Registrars are often called the “hub” or “heart” of campus, and for good reason. The registrar’s office is a central, essential component of the institutional ecosystem, touching students at every phase of the academic journey
from applicant to alumni.
But how many people outside of higher education administration — or even within it — truly understand what a registrar does?
“A registrar should see themselves as a peer of academics and a partner in the delivery of educational programs,” according to the preface of the Registrar’s Basic Guide.
“As the steward of the academic record and the keeper of institutional data, the registrar…. sits at the crossroads between student service and academic programing, [distinctly] suited to use the data at hand to help shape discussions
and decisions in the context of desired educational outcomes for the institution and students alike.”
It's time for a check up. How efficient is the heart of your campus?
The Registrar's Self-Assessment is a practical guide for registrars to assess a variety of functions, processes, and procedures. The Self-Assessment was developed for the working professional as a cost-effective and simple way to evaluate your office
operations. It allows members to grade their proficiency in several determined core competencies, including managing the registrar’s office, academic policies, grading processes, degree audits, professional development, and more. The Self-Assessment identifies areas for potential improvement
and recommends specific relevant AACRAO resources and products to increase mastery in these areas. Available in both digital and physical formats, the self-assessment mimics the approach an outside consultant would use to evaluate the operations of
a registrar's office.
The Self-Assessment is broken into several topics to help learners focus on specific areas of improvement. In this issue, we are examining Chapter 6 of the self-assessment to give readers a better understanding of the type of material they will encounter.
Chapter 6 of the Registrar's Self-Assessment centers on Advising, Degree Audit, Graduation, and Commencement.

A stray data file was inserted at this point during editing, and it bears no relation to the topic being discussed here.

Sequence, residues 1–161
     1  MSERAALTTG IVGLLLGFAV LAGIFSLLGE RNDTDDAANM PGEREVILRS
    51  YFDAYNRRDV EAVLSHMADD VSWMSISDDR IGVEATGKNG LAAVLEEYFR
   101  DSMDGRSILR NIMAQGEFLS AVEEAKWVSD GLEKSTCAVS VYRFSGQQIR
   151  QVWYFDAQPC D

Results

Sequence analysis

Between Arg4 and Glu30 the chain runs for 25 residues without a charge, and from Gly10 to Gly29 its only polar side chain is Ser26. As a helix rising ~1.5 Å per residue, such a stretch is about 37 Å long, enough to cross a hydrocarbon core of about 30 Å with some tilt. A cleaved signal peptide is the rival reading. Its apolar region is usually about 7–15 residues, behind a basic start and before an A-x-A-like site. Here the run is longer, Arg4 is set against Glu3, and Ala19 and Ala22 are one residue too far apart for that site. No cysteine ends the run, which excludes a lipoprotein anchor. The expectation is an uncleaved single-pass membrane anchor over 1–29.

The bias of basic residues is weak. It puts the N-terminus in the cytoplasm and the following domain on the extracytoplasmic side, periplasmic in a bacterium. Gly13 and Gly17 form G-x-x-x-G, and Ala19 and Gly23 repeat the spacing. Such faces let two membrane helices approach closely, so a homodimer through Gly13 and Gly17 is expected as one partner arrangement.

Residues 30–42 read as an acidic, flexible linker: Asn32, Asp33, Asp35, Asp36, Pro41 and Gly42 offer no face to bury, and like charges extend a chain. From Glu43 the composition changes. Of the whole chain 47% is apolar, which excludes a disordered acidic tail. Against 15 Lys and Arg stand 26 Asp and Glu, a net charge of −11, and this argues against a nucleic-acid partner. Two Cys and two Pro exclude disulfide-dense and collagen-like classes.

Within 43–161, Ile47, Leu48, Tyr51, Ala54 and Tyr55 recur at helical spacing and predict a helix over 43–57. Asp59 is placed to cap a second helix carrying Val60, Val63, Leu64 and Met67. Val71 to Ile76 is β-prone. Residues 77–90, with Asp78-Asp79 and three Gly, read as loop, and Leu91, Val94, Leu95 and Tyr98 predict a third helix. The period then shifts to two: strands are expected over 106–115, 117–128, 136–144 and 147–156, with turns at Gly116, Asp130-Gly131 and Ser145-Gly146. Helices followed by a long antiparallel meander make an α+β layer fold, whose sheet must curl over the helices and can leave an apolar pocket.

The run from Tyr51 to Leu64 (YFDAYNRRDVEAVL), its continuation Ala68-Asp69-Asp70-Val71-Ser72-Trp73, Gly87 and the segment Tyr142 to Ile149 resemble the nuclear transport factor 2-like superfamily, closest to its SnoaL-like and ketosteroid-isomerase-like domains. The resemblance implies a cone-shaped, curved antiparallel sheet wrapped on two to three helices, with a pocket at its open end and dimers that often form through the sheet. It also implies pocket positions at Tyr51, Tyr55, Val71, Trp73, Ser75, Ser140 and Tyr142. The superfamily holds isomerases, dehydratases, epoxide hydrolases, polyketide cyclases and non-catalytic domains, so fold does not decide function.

For each section, we were given access to the underlying principles upon which the assessment was built. The following is a short preview of what you can expect to encounter while taking the self-assessment.
- Accurate advising enhances the student's ability to make satisfactory academic progress toward completion of degree requirements.
- The Office of the Registrar should maintain open communication with academic advisors, develop and support advising tools, and promote processes that allow for a student's timely progress towards a degree.
Questions asked in this section are designed to help Registrars shed light on their internal processes and structures while also offering guidance and action plans based on the responses given.
- It is critical that students are aware of the requirements for each degree offered. The registrar's Office is responsible for communicating accurate progress-to-degree information to both the student and the advisor.
- The Registrar's Office is responsible for monitoring changes in curriculum and reflecting those changes in the degree audit in collaboration with academic advising.
Learners will be asked about specific tasks and responsibilities throughout this section and, depending on responses, be given advice on how to improve or revise their current processes.
- One of the most important functions of the Registrar's Office is the partial or total certification of candidates for graduation. The process by which this is accomplished should be structured and the time sequence for accomplishing it should be articulated
and adhered to, with the responsibilities of the personnel involved clearly defined.
This section looks at every detail of graduation processing and asks Registrars to think about things like application format, deadlines, files, fees, approvals, and more. After completing this section you should have a very clear view of what you are
doing now, and suggestions for ways you can improve.
- The commencement ceremony is the public recognition of the successful completion of academic programs provided by the institution. For students and their families, this is a meaningful ceremony and every effort should be made to ensure that students
are informed well in advance of all related policies and procedures.
- In most institutions, the Registrar’s Office has some responsibility for the publication of the commencement program. To ensure its accuracy, all aspects of the process (e.g., drafting, proofing, printing) should be conducted within adequate
timelines and with careful attention to detail.
As with previous sections, Registrars will be asked to examine and define every step of the commencement process. This self-reflection is critical to improving upon and revitalizing the roles and duties performed in your Registrar's Office.
Interested in utilizing the registrar's self-assessment in your office? Visit AACRAO's On-Demand Learning page to gain access.